Throughout this past month, we've been listing some superlatives to really break down the skills of this 2013 class. We've listed and ranked the top QB gunslingers, we've done offensive speed demons and we've also done the top pure pass protectors amongst others.
Today, we move forward with another one in giving you the top 10 pure pass rushers. These 10 guys can really squeeze a pocket, pressure the QB and get the coveted sack that every defense needs to stop these big time passing offenses of today.
So come inside and take a look at the top 10 pure pass rushers of the 2013 recruiting class!
Ward is an Oklahoma native, who committed to the Sooners, in the 6'4", 235-pound range. He won't wow you with an overwhelming first step, but his length and hand-fight ability keeps him clean.
Ward can fight to pressure with good athleticism, bend around the edge and use good speed to pursue a passer trying to escape the pocket. Look for Ward to excel as a DE and stand-up OLB type in Norman.
Hollins is undersized, but don't tell him. He is probably about 6'1" and 215 pounds, but has excellent snap quickness to jump onto a blocker.
He can bend on the edge to get around the perimeter of the pocket, and is an outstanding athlete. He really has great pursuit speed, agility and already has a couple of moves in his pass rush arsenal.
He pledged to UCLA, but watch out for Texas A&M.
Daniel is an Indiana native that gets it done with the intent to end the rush before it really starts. He surges off the line extremely forceful and quick, uses great hand quickness to punch blockers in the chest and free himself up.
He won't wow with a great second gear, but he shows solid speed for a 6'3", 252-pounder. In fact, look for the Clemson commit to perhaps develop into a gap-penetrating DT in college.
Hailing from Virginia, Allen is a 6'3", 250-pounder with good length to his frame to aid his rushing ability. He shows a burst at the snap, and plays big at the point of attack, taking on blockers one on one.
Allen needs to continue adding more bulk to his frame, but I see a guy with quick hands to get under a blocker's pads and enough deceptive strength to walk an OL back into the passer.
He's sewn up to Alabama.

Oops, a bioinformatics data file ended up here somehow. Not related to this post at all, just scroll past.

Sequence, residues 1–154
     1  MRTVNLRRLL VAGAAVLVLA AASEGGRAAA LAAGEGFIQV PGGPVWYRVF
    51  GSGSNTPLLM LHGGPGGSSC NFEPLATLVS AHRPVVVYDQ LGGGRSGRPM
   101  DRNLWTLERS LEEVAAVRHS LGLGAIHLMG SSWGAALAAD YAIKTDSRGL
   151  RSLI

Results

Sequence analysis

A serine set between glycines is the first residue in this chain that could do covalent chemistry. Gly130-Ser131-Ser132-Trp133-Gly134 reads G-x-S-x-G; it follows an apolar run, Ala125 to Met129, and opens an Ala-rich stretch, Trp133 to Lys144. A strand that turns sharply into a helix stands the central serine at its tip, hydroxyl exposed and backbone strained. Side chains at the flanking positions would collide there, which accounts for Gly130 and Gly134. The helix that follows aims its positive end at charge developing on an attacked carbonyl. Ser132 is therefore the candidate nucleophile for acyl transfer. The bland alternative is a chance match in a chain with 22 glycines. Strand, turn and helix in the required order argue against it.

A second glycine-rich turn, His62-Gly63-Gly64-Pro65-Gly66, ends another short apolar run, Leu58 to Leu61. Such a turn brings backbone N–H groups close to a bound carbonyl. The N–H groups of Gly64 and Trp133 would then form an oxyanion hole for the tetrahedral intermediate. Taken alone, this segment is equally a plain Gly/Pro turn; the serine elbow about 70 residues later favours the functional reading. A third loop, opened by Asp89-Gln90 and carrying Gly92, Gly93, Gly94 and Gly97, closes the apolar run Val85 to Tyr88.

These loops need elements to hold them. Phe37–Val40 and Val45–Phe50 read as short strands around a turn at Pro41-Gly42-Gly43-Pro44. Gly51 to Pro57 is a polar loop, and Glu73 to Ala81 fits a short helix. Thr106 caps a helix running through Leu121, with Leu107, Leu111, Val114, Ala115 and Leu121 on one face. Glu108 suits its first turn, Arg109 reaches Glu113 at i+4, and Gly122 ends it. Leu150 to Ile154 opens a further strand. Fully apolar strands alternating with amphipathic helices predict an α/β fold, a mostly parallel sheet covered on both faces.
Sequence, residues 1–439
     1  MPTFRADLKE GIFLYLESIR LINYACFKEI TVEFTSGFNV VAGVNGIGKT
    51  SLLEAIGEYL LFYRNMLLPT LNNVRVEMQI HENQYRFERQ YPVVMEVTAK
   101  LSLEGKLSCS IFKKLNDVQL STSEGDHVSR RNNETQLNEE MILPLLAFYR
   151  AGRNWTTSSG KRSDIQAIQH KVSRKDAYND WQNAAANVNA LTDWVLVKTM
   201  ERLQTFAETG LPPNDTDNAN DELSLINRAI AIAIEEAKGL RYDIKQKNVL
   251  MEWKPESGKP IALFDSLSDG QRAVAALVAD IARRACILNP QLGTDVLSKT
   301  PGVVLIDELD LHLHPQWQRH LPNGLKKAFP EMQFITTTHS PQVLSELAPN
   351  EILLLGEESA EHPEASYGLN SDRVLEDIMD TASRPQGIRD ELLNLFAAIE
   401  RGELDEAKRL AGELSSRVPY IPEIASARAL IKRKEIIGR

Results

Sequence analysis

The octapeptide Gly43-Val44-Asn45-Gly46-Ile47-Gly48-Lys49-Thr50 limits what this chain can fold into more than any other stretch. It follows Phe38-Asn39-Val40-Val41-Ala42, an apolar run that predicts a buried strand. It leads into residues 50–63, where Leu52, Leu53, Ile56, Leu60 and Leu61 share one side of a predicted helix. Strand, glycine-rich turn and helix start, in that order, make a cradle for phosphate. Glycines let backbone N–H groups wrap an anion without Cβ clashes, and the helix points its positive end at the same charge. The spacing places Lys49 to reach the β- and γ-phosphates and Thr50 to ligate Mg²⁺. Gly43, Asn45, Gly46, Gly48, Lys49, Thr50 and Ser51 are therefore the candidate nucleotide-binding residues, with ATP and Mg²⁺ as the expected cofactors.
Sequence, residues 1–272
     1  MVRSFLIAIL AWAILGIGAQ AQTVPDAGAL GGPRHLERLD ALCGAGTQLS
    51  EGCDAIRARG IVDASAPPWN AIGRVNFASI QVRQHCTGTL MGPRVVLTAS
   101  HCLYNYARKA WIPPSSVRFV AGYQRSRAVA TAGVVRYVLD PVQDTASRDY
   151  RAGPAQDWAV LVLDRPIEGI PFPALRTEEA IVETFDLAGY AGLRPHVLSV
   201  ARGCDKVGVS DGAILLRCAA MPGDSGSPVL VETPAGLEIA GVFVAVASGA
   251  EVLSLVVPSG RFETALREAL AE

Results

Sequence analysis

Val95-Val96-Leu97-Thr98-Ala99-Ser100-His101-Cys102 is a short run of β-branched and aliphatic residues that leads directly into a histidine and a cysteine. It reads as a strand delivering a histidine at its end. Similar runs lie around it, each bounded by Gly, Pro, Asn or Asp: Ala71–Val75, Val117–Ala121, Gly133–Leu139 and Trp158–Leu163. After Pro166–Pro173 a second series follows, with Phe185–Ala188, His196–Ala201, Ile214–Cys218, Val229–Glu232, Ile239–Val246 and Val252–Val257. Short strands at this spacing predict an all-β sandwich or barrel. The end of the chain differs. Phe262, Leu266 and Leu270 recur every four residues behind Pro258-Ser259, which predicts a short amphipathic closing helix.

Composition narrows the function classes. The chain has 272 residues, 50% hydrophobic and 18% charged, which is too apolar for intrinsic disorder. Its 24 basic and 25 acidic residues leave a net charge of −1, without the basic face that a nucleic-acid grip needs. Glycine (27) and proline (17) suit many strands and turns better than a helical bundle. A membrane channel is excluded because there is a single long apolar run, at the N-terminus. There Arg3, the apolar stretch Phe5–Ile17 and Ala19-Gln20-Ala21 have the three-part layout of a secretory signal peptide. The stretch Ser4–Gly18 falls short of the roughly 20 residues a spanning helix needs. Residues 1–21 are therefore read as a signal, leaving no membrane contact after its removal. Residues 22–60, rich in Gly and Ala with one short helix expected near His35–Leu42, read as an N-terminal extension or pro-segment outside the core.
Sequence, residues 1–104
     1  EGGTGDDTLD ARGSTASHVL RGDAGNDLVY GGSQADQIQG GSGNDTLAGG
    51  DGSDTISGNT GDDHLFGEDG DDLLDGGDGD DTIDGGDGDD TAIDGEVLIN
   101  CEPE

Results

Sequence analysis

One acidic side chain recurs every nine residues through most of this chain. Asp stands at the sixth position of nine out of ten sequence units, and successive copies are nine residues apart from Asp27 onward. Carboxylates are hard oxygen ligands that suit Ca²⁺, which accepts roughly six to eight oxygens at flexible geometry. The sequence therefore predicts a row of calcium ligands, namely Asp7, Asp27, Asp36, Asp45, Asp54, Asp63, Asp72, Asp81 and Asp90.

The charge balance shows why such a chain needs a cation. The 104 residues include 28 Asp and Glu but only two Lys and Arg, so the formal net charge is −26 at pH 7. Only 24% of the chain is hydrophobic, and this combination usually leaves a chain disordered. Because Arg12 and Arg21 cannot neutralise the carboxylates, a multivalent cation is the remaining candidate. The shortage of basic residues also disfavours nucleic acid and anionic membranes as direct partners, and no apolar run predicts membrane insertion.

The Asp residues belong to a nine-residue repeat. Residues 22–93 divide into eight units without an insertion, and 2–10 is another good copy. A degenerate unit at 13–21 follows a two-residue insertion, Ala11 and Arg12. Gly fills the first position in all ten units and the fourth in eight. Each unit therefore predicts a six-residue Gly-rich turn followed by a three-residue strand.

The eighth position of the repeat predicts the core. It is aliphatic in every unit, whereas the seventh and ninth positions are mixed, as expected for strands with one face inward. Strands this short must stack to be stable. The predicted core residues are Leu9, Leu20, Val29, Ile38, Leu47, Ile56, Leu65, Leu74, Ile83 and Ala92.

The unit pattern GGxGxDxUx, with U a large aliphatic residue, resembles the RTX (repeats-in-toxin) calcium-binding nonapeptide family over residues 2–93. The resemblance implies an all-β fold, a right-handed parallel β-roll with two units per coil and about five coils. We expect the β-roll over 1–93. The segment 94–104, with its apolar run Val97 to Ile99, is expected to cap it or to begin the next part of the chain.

Walker is from Jacksonville, and is a 6'4", 280-pounder that can play both end and tackle in any scheme. He's very quick at the snap, and can 1-gap and penetrate very quickly.
Walker needs to refine his hand technique, but has the strength to also fight with force to pressure the passer. He can play the strong side on the edges and bend and squeeze down to menace the pocket if needed.
I think it'll come down to Florida and Alabama.
Prevot is from Texas, and, yes, he's raw, but the 6'4" edge defender moves like a shooting guard. He's light—215 pounds max—but has good length, snap quickness and pursuit speed.
He needs to hone his pass-rush plan and start setting up blockers a few snaps ahead, but with his athleticism, speed, quickness and high ceiling, he could grow into a big-time star.
Watch out for Texas A&M and LSU.
Bigelow is a 6'3", 297-pound menace with an overwhelming initial step. He surges off the ball and just jumps on top of a blocker with big time point-of-attack strength.
He plays with good leverage, excellent athleticism and puts in efforts to keep his hands moving to combat blockers trying to get good punch placement on him. He needs to add more to his pass-rush plan, but he can blow through a gap and just hunt a QB down.
He's committed to USC.
Williams comes from Baton Rouge, and is 6'4", 230-pounds. He has great length, which he uses to stay clean from blockers during his rush. He can play with good leverage and big-time speed.
Williams has inconsistent snap quickness, as sometimes he's a late reactor. However, he can overwhelm when he's in sync, and can play both as a speed and power rusher type.
Williams has finishing quickness and the tools to develop into a complete edge defender. Per Sports.com, look for Alabama, USC, Florida State, LSU and Miami to be in the hunt.
Nkemdiche is a power player through and through. He goes in the 6'4", 270-pound range and is a sheer beast. Period.
He shows a big-time burst at the snap, but is not big at the point of attack. However, his strength is overwhelming, and if you long/deep set this guy as a blocker, then you're asking for trouble.
Nkemdiche can convert speed to power better than anyone in this class, has great agility and athleticism to bend on the edges and the pursuit speed to hawk a passer trying to make a play.
He's committed to Clemson.
Lawson is a 6'2" DE that weighs nearly 255 pounds. The Georgia native is never a late reactor as he sets the snap-quickness tone for any DL unit he rushes upfield with.
He shows good leverage and strength at the point of attack, and can play big-boy football. Lawson has the strength to shed blocks and free himself up, a power fight to pressure and a quick fight to pressure, natural bend around the pocket and more.
He will develop a pass-rushing plan at Auburn, but Lawson can get in and out of a blocker's pads with strength and quickness, and cause an array of problems for an offense.
Edwin Weathersby has worked in scouting/player personnel departments for three professional football teams, including the New York Giants, Cleveland Browns and the Las Vegas Gladiators of the Arena League. He spent a year evaluating prep prospects & writing specific recruiting and scouting content articles for Student Sports Football (now ESPN Rise-HS). A syndicated scout and writer, he's also contributed to WeAreSC.com, GatorBait.net and Diamonds in the Rough Inc., a College Football and NFL Draft magazine.